Arch. Myriam B. Mahiques Curriculum Vitae

Friday, October 16, 2009

Corners in the City

Urban corner. By Myriam B. Mahiques.

¨The next day I decided I’d been drunk, I also decided to free myself of the coin that had so affected me. I looked at it; there was nothing particularly distinctive about it, except those scratches. Burying it in the garden or hiding it in a corner of the library would have been the best thing to do, but I wanted to escape its orbit altogether, and so preferred to lose it. I went neither to the Basilica del Pilar that morning nor to the cemetery; I took a subway to Constitución Station and from Constitución to San Juan and Boedo. On an impulse, I got off at Urquiza; I walked toward the west and south; I turned left and right, with studied randomness, at several corners, and on a street that looked to me like all the others I went into the first tavern I came to, ordered a gin, and paid with the Zahir. I half closed my eyes behind the dark lenses of my spectacles, and managed not to see the numbers on the houses or the name of the street¨. Jorge Luis Borges, El Aleph, 1949

In American colonial cities, the primigenious fabric was a regulatory design, where the forms of open organization dominated semi-rural low density, including home and garden until late SXVII. The house was located indistinctly in the lot as the best place to locate the garden and the henhouse. It is worth noting that while the old maps demarcate the streets, the spatial experience was quite different, since the streets were a geometrical intention in the mud and formed a continuum with public lands and streams. That is, the morphological origin of the block, the grid that architects usually try to defend and reproduce due to its historical character, though it existed only in the old maps.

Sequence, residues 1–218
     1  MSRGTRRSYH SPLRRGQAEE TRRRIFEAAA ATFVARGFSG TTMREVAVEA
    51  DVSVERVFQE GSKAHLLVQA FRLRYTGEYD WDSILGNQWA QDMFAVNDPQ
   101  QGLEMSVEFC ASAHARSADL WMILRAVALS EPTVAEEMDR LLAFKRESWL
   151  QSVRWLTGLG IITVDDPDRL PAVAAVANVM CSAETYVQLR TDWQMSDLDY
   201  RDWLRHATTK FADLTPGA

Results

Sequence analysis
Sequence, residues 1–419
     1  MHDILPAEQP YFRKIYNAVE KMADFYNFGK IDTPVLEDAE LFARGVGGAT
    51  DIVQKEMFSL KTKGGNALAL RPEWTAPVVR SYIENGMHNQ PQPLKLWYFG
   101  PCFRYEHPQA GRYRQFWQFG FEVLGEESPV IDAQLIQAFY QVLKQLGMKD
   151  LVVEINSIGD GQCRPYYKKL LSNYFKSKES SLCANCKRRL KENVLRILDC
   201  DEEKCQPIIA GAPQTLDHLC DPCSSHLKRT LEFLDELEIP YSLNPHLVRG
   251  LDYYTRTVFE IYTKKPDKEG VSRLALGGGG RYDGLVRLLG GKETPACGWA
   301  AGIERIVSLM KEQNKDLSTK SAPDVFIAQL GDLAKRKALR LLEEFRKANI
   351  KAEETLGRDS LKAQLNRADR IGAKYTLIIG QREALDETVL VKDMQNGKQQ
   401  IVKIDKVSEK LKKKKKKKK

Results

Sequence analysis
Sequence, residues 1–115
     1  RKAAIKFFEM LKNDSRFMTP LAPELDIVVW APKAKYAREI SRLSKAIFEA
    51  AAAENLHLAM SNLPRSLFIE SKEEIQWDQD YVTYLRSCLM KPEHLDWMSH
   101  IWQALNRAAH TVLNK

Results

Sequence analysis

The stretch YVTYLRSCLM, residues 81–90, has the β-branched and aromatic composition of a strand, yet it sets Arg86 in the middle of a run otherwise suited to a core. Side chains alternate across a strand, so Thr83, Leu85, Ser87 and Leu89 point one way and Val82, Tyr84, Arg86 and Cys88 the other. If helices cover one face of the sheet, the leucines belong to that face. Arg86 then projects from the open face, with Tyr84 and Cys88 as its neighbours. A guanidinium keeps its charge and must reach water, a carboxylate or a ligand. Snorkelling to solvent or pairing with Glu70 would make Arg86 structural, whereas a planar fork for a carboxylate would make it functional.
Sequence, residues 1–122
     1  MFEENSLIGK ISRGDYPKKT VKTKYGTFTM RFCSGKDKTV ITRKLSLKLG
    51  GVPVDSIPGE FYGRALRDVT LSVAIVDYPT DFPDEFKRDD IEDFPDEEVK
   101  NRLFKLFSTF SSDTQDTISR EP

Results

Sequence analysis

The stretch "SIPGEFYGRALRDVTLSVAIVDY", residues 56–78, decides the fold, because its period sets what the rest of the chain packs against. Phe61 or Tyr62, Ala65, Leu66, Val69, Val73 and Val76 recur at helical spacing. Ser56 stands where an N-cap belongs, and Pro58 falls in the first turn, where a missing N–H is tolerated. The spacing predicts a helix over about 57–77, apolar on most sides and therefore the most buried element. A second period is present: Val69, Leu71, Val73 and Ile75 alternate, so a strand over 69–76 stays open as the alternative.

As the city grows, the planned city according to the Laws of India start shaping the blocks, which in turn make up the corners at street intersections. Street corners is the built expression of the city as a meeting place, a place of superimposing space and conflict. So important is the corner as cross roads, that counts with a precedent in Greek mythology: As Oedipus travels back to Thebes, he arrives at the three roads meet, in Davlia, where he encounters a chariot driven by his unrecognized birth father, King Laius. They fight over who has the right to go first and Oedipus kills Laius in self defense, so fulfilling part of his tragic prophecy. (


Corners are more than buildings angles, they are points of encounter between persons and activities, network of movement, knots of communication flux and interchange.
In neighborhoods, it is not simply an urban topography, but a socialized space through its uses and meanings, articulated and reinforced by means of the interaction of the social ¨esquinero¨ group. We do not notice it in an aerial picture. It is a matter of perception and cultural habits, where activities and people can intermingle with each other. Some extra effort is needed to produce meaning and symbolism between –at least- two fronts.
Urban corners recompose blocks and public spaces. There are two typologies of urban corners. External between streets; and internal, surrounding a plaza. For any resolution, we can recognize a vitalizing principle opposed to the dematerialization that is consequence of the virtual world; it seems there is no need any more to get out of the house to experience contact with people. All this can be obtained through the new technologies, it is so simple to connect with anybody else in Internet…This is an impersonation of experiences and real contact among individuals.

Urban corners have then a spatial, social and psychological sense, in all cities of the world. That is a consequence of its geometrical conception. The corner represents freedom in the complexity of bus stops, subway stops, street vendors, street performers, and whatever activity you can imagine.

Urban corner.

Further readings.

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